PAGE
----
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Health and Fitness,  Science

The Tale of Vaccines: Why it Take So Long to Make One

What is the most popular question all over the world at this moment?

You know it. Maybe even you have asked this question several times.

When will we get the coronavirus vaccine?

You never had an interest in vaccines like this before. Because a vaccine is need of the hour. The whole world is working to get that one vaccine and billions of people are praying for that.

If you are not from medical science background, some common queries you might have is-

What the hell is a vaccine and how can it protect us?

And most importantly, why it take so long to make one vaccine?

So today let’s find out the answers to these questions and dig deeper into the world of vaccines.

Before discussing vaccines, we must know our bodies defense mechanism and how it works.

How does a virus or bacteria make us sick?

A bacteria after inserting into the body releases toxins that make us sick (I am talking about bad bacterias, there are good bacterias as well and our body contains billions of those).

Whereas, a virus after entering into the body inserts its genetic material into our own cells, causing those cells to burst or die.

The antigen is an important aspect in this respect. An antigen is any substance that is capable of stimulating an immune response, which might be a part of a virus.

You must have heard about the immune system of our body, it works exactly like the defense sector of a country. The immune system is of two kinds, Native and adaptive immune systems.

Innate immune system’s work is to identify pathogens (virus/bacteria) and stop them from inserting into our body. Our skin, muscles try its best to kick out pathogens as soon as they identify them.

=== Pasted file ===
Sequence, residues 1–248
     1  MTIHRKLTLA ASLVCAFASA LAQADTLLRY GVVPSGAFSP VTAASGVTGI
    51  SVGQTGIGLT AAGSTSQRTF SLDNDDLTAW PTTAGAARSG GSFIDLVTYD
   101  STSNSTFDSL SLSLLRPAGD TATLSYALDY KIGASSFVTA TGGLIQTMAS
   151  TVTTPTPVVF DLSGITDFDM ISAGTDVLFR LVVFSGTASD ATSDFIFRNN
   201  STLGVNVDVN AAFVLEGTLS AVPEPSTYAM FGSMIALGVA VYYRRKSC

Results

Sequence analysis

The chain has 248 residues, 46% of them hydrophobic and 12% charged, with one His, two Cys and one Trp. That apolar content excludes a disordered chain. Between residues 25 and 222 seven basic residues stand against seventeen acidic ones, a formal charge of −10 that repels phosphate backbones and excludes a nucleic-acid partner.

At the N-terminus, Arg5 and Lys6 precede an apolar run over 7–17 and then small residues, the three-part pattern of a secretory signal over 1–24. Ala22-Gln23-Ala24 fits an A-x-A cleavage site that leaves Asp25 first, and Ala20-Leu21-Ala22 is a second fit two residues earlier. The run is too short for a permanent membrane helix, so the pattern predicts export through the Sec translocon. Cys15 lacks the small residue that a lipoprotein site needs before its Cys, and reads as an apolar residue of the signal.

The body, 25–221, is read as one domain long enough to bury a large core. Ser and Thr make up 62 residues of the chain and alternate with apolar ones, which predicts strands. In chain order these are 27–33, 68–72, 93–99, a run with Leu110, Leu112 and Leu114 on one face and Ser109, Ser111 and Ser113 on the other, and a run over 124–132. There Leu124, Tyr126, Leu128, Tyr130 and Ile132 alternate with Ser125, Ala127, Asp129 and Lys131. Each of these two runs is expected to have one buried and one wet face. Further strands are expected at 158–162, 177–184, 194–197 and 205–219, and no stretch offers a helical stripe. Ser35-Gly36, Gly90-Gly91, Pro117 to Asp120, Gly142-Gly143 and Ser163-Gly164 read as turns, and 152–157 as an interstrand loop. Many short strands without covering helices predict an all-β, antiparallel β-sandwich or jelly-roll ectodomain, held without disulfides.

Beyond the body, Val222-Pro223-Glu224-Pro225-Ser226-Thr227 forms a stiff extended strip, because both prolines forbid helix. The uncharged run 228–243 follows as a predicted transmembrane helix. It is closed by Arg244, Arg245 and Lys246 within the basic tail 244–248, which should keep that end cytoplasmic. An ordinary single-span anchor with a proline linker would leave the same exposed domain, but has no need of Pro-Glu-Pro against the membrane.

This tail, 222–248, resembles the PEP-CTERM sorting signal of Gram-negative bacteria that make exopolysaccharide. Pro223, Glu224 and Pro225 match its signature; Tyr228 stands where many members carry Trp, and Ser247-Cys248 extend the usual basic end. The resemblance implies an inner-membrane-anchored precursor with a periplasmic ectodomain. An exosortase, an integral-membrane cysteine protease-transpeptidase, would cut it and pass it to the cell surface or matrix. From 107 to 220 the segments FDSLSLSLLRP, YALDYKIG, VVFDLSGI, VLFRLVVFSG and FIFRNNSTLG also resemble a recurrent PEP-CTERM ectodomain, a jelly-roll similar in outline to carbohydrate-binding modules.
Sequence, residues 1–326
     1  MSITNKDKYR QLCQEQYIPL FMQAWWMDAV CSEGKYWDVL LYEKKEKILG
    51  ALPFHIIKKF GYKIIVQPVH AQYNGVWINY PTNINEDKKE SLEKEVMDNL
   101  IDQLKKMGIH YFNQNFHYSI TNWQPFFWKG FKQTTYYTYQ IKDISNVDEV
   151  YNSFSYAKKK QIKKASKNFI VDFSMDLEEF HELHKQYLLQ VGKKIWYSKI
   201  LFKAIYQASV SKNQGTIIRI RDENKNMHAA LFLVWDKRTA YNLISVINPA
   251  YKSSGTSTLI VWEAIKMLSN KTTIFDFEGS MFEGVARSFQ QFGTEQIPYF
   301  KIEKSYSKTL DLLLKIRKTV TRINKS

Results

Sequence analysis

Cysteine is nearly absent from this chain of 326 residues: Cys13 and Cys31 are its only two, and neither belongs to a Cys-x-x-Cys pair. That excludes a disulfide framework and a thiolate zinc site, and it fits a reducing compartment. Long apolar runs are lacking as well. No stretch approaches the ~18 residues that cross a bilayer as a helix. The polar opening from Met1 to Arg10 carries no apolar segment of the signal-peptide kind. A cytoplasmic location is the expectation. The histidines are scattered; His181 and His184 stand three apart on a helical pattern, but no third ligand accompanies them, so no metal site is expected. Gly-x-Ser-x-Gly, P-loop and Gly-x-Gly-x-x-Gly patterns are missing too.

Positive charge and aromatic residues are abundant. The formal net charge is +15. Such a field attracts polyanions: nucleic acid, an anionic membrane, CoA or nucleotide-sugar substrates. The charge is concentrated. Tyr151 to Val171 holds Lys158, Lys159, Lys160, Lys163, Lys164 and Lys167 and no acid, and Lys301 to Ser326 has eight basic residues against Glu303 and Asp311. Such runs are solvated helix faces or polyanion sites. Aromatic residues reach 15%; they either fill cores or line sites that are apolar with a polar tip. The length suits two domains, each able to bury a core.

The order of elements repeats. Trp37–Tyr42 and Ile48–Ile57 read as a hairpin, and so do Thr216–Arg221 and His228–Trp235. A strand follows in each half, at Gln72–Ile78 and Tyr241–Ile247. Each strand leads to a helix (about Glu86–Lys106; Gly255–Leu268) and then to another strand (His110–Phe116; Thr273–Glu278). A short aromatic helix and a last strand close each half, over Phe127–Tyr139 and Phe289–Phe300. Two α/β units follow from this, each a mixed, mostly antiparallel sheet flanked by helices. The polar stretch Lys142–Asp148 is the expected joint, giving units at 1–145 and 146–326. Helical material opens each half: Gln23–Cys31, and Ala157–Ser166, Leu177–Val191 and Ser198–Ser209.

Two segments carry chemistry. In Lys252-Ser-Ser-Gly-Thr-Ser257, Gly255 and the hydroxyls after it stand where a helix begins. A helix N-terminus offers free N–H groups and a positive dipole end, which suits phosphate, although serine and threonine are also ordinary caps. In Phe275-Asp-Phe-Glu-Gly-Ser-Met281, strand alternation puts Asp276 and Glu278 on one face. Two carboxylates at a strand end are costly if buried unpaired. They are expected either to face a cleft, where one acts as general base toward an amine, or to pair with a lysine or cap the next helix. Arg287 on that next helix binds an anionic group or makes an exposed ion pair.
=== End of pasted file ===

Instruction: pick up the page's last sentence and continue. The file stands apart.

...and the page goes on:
Think of the native immune system like an army of a country that is protecting their country from terrorists.

Even then, if a pathogen then enters into the body, our adaptive immune system kicks in. It reacts in a very specific way to specific pathogens.

Our body has antigen presenting cells (APC), which are produced in our bone marrow. When APCs encounter any pathogen, it sends signals to other cells (which are our weapon cells) such as T cell, B cell, which together attacks the invader pathogen and kills it.

Once our adaptive immune system wins over the pathogen, it creates memory cells in our body for future protection from the same pathogen.

That means, if the same virus/bacteria again attack us in the future, our body would have weapons ready for them (in the form of memory cells) and can kill them in no time. That’s why small children are so prone to disease (they don’t have memory cells).

Sound great right! How amazing our body is. But the whole process described above takes time. By that time, many pathogens (not all) can mutate at a rapid rate and can hijack our immune system.

And if you have a weak immune system, then pathogens would have an extra advantage to invade your body.

That’s where vaccines come into the picture. Basically it leverages the immune response of our body to fight infections.

Let’s go back in time to get the bigger picture about vaccines.

Smallpox was one of the most dangerous viruses in earlier times. Millions of people used to die due to smallpox. It started in ancient India, China, and in the middle east around 1000 CE.

People that time used to scratch smallpox sore in the skin and then blowing that smallpox matter into nostrils of people to combat smallpox (as the image below). This is known as variolation

Variolation

Buddhist monks (and many others) used to drink snake venom to confer immunity to snake bite. You might have heard stories like that. This emphasizes that although people might not aware of vaccines at that time, they used similar concepts to treat viruses as we do today.

The first discovery of vaccines dates back to 1796 by Edward Jenner, an English physician. The discovery itself has an interesting story.

Edward Jenner noticed something interesting in a dairymaid. The dairymaid said- ‘I shall never have smallpox, for I have had cowpox‘.

Cowpox was also a viral infection, similar to smallpox but infected cows (humans could get the disease from cows).

Later Edward Jenner realized, the woman was correct. People who have had cowpox never developed deadly smallpox.

So, he decided to investigate if the cowpox virus could be used to treat smallpox.